Tree Attribute Ranking and Phenology Study: Farmers’ Knowledge of Trees Commonly Found on Coffee Farms Bordering Mabira Forest Reserve in Mukono District, Uganda

The potential of trees in agroforestry coffee systems to provide goods and services is increasingly recognized as important in improving local livelihoods and reducing the pressure on existing forest resources. There is a lack of information about how different trees interact with coffee systems and it is important to consider farmers’ knowledge of tree physical attributes to understand how these affect coffee production and influence the selection of trees and management practices. The research was carried out in the selected five Sub-counties of Mukono district in South-central Uganda during February – May 2010. The purpose of the study was to assess the local knowledge about 18 tree species common in coffee farms for a selection of twelve tree attributes and to evaluate the consistency of farmers’ knowledge and identify whether there were major differences amongst tree species. Phenology information collection exercises, followed by an attribute ranking survey, were conducted with a random sample of 210 farmers. Farmers used visual tree cards in identifying trees they had direct experience and 10 tree species were selected by each participant. Farmers were able to rank these trees for the twelve attributes implying they had knowledge about these trees. More farmers had phenology knowledge of fruit than no-fruit trees.The level of consistency in the ranking survey suggested local knowledge about these tree attributes was important in the management practices of coffee agroforestry systems. However, the level of consistency varied from attribute to attribute and from species to species. Regarding species, African teak, banana and pawpaw seemed to have been ranked consistently indicating that farmers had a widespread and homogenous knowledge of these species because they were either superior on inferior for the particular attrributes. Despite the knowledge of attributes known to be negatively affecting coffee production, farmers’ decision to plant or retain trees in coffee plot was influenced by the perception of utility. This is notably the case for fruit trees which appeared most commonly across all farms in both exercises, suggesting their contribution to nutrition and income was important and justified their presence in coffee plots despite their negative effect on coffee production. The study recommends planting for Fig natal and A. coriaria for soil improvement and African teak for timber should not be planted together with coffee. Further research on the other tree species not included here like Grevillea is highly recommended.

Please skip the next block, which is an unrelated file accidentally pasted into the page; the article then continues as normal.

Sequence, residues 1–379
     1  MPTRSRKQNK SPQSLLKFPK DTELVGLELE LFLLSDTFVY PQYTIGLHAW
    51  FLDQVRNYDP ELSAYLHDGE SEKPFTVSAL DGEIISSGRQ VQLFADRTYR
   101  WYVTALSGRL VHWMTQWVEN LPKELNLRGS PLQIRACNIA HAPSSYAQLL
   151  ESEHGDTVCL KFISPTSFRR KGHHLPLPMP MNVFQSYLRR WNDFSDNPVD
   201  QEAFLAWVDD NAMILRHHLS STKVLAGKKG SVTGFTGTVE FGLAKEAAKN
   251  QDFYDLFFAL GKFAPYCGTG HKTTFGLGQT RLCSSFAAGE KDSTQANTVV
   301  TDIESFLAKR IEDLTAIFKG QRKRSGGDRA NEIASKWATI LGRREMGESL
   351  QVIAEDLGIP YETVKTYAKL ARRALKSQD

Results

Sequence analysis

Date of publication: 
Region Focus: 
East Africa
RUFORUM Theses and Dissertations
Licence conditions: 
Open Access
Dr. Samuel Mwalili, JKUAT, Prof. Catherine Muthuri, JKUAT, and Prof. Fergus Sinclair, World Forestry Institute
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